Lankford Presses on How Biden’s Policies Will Hurt US Energy Costs
CLICK HERE to watch Lankford’s Q&A on YouTube.
WASHINGTON, DC – Senator James Lankford (R-OK) today participated in a Senate Energy and Natural Resources hearing to discuss the impact of the Biden Administration’s policies on traditional energy taking an abrupt backseat to unpredictable renewables, particularly while Americans are already feeling the effects of rising inflation and projected skyrocketing costs to heat homes this winter.
Lankford’s Q&A with energy leaders and economists comes on the heels of the COP26 conference in Scotland, at which the Biden Administration continued its mission to get rid of traditional energy by some arbitrary deadline that would hurt Oklahomans and all Americans. Oklahoma remains a leader in integrating renewable energy like wind, solar, and hydro energy into our all-of-the-above energy portfolio that also relies on natural gas and coal.
Today’s witness panel consisted of Mr. Stephen Nalley, the Acting Administrator for the US Energy Information Administration; Mr. Tim Gould, the Chief Energy Economist at the International Energy Agency; and Mr. Robert Bryce, who is an author, journalist, podcaster, and film producer.
Lankford continues to rail on the Biden Administration for its attempts to “cancel” traditional energy. Last February, following extreme winter weather in Oklahoma, Lankford highlighted the struggles that plagued customers when Oklahoma’s wind towers froze and were for several days running more on diesel than wind power—usually, Oklahoma receives 40 percent of our power from wind. Oklahoma solar panels were also challenged by the storms since they were covered in snow for days, when temperatures hovered at -14° or had near-constant cloud cover.
Lankford joined Senator Ted Cruz (R-TX) and 17 of their Senate colleagues to send a letter to President Biden describing the actions the Administration can take to ease energy prices and reduce energy shortages this winter. Proposed solutions include lifting the ban on oil and gas lease sales on federal lands and waters, accelerating Federal Energy Regulatory Commission (FERC) and Army Corps permitting, improving interagency coordination to approve pipeline projects, and ending the regulatory uncertainty stifling investments in energy.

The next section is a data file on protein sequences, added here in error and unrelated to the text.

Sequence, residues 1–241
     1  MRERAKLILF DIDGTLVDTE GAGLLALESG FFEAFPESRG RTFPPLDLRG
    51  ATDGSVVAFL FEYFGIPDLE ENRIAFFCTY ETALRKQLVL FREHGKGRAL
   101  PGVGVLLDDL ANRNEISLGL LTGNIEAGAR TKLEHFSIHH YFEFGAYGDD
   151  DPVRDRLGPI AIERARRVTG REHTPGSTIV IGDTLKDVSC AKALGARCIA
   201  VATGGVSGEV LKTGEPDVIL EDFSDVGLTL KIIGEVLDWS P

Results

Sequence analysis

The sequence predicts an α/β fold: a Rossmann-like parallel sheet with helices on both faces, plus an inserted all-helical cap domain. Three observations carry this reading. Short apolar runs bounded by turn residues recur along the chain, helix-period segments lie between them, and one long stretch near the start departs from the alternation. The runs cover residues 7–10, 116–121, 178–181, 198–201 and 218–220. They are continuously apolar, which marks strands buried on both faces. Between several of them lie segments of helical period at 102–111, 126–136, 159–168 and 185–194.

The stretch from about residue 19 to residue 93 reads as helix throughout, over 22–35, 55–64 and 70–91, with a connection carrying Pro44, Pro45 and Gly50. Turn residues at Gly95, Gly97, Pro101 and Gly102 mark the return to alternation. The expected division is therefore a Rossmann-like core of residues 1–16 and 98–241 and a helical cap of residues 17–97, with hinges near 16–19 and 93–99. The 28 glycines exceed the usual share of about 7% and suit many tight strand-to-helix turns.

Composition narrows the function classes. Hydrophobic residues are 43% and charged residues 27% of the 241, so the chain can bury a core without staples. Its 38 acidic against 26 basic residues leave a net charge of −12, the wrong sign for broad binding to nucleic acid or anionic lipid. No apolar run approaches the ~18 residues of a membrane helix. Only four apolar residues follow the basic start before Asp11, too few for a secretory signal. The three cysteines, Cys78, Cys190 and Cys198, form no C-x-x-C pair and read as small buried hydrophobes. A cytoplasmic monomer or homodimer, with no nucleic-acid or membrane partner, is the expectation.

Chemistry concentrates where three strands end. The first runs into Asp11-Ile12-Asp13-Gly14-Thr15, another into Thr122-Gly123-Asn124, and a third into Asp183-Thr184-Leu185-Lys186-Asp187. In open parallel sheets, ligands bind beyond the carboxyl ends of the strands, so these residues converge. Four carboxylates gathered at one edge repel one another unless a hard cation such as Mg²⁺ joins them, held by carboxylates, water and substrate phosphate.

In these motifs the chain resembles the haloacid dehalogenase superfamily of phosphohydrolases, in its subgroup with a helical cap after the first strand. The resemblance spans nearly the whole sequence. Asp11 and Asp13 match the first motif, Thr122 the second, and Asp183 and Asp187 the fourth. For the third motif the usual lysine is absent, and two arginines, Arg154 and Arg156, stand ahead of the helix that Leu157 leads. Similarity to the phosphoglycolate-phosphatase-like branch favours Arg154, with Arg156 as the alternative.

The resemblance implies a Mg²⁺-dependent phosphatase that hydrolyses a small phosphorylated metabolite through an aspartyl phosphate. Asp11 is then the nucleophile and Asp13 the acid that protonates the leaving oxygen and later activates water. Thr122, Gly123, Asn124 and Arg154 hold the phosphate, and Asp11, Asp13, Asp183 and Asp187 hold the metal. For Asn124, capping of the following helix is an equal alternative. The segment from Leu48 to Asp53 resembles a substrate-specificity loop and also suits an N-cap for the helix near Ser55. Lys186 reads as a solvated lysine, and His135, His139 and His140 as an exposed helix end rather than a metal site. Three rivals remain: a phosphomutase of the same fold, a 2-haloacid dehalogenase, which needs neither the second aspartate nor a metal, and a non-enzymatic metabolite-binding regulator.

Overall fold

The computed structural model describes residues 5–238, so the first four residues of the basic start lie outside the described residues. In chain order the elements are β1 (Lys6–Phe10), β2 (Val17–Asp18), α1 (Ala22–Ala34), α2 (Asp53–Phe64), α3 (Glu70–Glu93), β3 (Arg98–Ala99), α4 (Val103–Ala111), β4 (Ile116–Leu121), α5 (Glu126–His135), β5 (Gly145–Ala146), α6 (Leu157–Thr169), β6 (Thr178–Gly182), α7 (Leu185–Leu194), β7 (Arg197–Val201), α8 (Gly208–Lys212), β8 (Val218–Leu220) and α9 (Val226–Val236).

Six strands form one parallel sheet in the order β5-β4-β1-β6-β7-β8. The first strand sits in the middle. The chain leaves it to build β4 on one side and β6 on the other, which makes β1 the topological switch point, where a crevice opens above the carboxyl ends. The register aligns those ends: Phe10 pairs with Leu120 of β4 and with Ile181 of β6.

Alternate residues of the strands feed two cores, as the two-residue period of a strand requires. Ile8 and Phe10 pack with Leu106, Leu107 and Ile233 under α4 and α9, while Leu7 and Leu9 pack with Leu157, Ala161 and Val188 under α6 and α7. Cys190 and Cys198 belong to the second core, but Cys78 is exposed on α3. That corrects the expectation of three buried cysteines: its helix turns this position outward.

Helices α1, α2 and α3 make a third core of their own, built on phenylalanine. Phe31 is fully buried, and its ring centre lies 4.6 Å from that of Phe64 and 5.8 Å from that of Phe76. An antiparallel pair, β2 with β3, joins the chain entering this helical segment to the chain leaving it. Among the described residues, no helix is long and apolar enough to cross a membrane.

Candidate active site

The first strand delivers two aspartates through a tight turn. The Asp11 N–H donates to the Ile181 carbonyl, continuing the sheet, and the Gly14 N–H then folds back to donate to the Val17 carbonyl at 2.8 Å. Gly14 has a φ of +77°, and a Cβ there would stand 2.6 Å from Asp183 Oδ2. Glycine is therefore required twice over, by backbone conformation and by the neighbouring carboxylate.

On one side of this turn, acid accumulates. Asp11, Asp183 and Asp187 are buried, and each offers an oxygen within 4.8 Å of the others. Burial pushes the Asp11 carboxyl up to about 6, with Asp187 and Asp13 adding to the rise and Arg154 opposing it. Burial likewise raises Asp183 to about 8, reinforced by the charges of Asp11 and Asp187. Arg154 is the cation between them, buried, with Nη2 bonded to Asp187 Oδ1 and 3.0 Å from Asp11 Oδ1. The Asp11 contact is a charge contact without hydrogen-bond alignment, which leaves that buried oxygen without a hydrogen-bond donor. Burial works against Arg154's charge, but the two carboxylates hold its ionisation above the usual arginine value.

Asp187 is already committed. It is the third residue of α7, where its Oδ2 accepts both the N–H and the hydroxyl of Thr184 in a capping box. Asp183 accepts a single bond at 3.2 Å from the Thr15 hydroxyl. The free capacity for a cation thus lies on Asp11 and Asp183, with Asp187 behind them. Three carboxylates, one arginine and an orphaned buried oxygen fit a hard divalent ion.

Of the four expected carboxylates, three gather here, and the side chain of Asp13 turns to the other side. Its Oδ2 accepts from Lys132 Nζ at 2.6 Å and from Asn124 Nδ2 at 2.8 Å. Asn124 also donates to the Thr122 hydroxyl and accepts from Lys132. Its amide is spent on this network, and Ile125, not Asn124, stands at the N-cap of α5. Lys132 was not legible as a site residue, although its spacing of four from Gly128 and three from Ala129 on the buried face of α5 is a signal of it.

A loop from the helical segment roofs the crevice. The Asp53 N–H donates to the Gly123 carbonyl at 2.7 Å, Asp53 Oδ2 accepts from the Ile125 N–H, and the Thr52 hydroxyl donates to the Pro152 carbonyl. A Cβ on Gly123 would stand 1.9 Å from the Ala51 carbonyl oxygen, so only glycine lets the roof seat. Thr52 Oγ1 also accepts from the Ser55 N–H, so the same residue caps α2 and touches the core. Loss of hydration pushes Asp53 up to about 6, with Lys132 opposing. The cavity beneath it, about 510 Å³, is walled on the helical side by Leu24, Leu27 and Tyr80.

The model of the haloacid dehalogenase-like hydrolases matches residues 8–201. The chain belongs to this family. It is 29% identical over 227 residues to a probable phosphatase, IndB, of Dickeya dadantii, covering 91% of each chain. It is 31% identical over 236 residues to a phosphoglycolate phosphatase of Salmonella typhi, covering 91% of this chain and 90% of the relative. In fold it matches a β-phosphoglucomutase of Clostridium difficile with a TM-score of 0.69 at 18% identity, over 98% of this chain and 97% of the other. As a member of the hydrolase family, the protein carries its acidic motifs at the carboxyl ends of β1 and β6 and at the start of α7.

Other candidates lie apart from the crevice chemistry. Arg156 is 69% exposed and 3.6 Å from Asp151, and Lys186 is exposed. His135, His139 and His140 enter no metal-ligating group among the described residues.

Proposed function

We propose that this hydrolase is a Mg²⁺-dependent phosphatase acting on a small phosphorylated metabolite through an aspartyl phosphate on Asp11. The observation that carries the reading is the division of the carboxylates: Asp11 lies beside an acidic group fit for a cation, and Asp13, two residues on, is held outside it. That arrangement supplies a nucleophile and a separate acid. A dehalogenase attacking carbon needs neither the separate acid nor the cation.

On why American crude oil production is not keeping up with demand
Lankford: Why is American production not increasing at the rate to be able to keep up with American consumption as well—with the prices like $80 on West Texas Intermediate and $5 a unit for natural gas, you would think that the production would have continued to accelerate—why is it not accelerating?
Nalley: …We are pretty early in the recovery. We’re about 93 percent of where we were in oil production, relative to 2019. I think one of the major contributing factors is the economic downturn. A lot of those P&E [production and exploration] companies and investors were hit pretty hard financially. I think they’re trying to reposition themselves for the long term.
On John Kerry’s comments at the recent climate conference of not having coal by 2031
Lankford: …At your agency, as you’re trying to be able to look for the future of energy and trying to provide energy in the United States, by 2031 do you expect us to not have coal plants in America?
Nalley: No, we show if we look at our AEO 2020, last year’s AEO [Annual Economic Outlook] that we put out, we show coal reducing about one percent per year out through 2050. I think in 2050, we show it being roughly 75 percent of what it is currently.
On the impact on domestic natural gas prices if we stop exporting Liquefied Natural Gas
Lankford: Looking at the total market and the investment that’s happening, you have different pipelines, you have different companies that are coming in place, you have drilling operations that are going after natural gas to provide to the domestic market or the international market. The infrastructure itself is being built up to be able to provide for the international market. If all of that investment went away, that we weren’t investing for the international market and for the domestic market, what would happen to domestic prices?
Nalley: Well, if you stop exporting LNG, it would certainly put a surplus or extra supply in the US market. Prices would drop in the US market. I think internationally, they would skyrocket. And I think lower prices in the US would probably discourage more production.
Lankford: I think that would discourage more investment in the future, that you’d have less capital going into developing for the future. My perception of the markets are, as we’re developing more and more facilities to be able to export, we’re also developing more and more access here. If that went away with an extremely low price that we’ve seen in natural gas for years now, none of that investment would have occurred and we wouldn’t be well positioned to be able to continue to provide for our own needs.